“In the vast majority of cases at VA, we are prescribing hydroxychloroquine at the final stages of a Veterans’ life in the hope that it has some positive effect,” Wilkie said in a letter responding to allegations made by Senate Minority Leader Chuck Schumer. “It is being provided when requested by the family as a final treatment option when all other treatments have failed.”
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President Trump has touted hydroxychloroquine as a potential “game changer” in the race to develop treatments for COVID-19. Typically prescribed for malaria, lupus and certain types of arthritis, the drug has not been proven an effective treatment against coronavirus.
The FDA has said doctors can use the antimalarial drug for other, or off-label, purposes, including to treat COVID-19. The drug has been on the market since the 1940s and doctors are familiar with its side effects. The FDA, though, also has warned patients not to use the drug outside a clinical setting or hospital because it can cause serious heart problems in some patients.
A paper published in the Lancet medical journal Friday added to those concerns after finding that people with coronavirus treated with the drug had a significantly higher risk of death and irregular heart rhythms.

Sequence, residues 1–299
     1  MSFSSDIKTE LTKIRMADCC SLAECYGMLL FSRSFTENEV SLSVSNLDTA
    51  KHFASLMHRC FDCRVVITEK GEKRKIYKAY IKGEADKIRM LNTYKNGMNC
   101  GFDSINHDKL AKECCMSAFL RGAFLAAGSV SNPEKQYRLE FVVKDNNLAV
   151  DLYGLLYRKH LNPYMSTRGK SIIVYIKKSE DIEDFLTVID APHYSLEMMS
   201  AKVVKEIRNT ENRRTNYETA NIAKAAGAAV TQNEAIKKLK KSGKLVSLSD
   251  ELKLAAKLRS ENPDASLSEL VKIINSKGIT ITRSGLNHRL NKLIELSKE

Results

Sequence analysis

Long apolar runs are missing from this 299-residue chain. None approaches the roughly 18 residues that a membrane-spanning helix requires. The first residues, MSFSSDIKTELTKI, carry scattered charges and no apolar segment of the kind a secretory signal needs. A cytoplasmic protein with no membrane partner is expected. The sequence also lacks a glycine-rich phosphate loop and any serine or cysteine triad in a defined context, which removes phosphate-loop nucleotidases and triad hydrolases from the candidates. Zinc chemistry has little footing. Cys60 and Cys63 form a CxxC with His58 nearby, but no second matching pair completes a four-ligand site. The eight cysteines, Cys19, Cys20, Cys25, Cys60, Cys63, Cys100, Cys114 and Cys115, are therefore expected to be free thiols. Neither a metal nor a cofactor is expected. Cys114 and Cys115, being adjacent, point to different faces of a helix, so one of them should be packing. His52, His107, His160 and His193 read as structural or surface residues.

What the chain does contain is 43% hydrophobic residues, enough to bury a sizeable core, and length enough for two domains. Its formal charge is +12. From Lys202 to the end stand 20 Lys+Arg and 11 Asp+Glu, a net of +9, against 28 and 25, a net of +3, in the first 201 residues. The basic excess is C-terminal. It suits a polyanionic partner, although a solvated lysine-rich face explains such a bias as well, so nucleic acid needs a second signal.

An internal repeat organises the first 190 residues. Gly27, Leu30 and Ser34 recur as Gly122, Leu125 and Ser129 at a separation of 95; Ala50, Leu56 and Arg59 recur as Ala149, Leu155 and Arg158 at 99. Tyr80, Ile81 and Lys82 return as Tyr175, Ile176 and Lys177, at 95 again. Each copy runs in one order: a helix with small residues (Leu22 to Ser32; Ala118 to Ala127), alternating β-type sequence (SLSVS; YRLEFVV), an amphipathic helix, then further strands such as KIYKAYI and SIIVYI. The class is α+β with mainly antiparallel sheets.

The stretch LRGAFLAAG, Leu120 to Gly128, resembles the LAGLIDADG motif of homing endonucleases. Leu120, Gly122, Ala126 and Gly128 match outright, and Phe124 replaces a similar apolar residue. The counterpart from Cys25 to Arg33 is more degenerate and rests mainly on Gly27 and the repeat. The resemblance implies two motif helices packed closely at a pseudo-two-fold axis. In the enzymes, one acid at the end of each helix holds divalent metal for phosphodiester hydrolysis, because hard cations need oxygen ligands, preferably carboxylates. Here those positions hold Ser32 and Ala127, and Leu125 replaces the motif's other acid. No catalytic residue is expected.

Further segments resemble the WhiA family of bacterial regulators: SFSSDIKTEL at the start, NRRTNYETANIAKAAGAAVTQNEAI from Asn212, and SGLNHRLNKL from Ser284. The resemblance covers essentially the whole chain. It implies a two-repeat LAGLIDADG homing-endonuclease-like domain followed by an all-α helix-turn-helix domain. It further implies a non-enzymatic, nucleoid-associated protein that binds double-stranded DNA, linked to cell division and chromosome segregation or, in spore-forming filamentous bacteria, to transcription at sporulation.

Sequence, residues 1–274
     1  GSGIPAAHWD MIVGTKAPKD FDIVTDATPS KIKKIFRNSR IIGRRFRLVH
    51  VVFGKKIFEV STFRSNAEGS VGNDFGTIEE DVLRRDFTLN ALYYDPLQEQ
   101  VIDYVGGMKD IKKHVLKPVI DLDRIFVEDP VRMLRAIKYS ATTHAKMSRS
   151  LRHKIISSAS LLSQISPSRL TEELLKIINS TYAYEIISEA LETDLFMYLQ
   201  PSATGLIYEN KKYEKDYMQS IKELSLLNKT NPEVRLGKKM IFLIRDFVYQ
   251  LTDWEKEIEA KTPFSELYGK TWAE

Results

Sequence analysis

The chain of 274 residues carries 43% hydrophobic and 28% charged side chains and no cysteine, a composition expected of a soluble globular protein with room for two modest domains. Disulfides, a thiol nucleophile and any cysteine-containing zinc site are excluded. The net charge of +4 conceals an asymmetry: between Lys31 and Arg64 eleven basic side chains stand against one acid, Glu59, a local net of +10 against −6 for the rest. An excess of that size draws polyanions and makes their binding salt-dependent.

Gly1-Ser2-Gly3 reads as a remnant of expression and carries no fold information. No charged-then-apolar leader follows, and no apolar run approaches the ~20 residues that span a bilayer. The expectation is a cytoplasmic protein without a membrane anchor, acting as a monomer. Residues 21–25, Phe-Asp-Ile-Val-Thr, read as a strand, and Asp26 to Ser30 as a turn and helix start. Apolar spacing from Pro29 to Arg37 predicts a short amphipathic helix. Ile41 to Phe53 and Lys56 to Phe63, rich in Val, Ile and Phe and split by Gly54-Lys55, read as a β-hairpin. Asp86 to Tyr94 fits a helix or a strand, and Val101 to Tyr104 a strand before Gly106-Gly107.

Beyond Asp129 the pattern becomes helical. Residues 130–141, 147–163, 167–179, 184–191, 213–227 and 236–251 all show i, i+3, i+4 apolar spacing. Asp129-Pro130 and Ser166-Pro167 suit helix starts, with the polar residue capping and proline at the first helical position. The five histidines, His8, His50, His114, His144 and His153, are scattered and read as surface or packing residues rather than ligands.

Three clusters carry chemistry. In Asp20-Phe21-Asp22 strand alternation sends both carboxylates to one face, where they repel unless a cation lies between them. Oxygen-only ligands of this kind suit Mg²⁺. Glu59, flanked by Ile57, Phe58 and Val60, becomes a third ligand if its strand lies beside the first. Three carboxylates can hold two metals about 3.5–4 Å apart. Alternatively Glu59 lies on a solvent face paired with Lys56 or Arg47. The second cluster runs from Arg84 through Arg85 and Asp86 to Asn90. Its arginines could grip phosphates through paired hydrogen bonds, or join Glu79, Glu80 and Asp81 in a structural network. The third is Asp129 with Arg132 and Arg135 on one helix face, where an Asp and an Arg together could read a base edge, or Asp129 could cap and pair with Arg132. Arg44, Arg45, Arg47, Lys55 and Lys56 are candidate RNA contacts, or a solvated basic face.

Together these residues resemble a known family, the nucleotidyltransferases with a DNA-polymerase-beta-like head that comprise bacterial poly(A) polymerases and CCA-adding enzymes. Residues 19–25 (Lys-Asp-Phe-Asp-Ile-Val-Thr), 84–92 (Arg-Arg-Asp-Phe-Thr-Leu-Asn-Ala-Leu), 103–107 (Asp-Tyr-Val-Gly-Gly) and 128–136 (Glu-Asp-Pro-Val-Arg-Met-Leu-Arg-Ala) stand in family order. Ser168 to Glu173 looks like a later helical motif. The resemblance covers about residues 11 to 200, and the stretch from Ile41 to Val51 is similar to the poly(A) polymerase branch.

“We need to know what the basis was for using this drug against the consensus of science, which called into question its effectiveness in treating COVID-19,” Schumer said in a statement Friday. “We also need to know who is authorizing these new trials, what facilities are participating and what families are being told.”
The VA said it plans to continue using the drug while at the same time studying whether it’s effective in helping stem the spread of a coronavirus infection. A trial at VA facilities is expected for the end of May.
Several hydroxychloroquine clinical trials with front-line health workers and COVID-19 patients are ongoing in the U.S. and around the world.
A cursory review of the drug’s use at VA hospitals earlier this year found no positive effects on COVID-19 patients. It indicated a possible connection between hydroxychloroquine and higher mortality rates, but the paper was largely inconclusive and not a peer-reviewed scientific study.
Earlier this week, the president dismissed that review, without evidence, as a “Trump enemy statement.”
The VA has previously ordered shipments of the drug. Federal contracts reviewed by Connecting Vets show the agency placed orders in 2007, 2012 and 2015.
A federal watchdog in March found insufficient stockpiles of hydroxychloroquine at some facilities. VA said these findings lacked “merit” and suggested in response that “active investigations” into the drug’s effectiveness were behind the supply shortages.
ABC New's Trish Turner and Eric M. Strauss contributed reporting.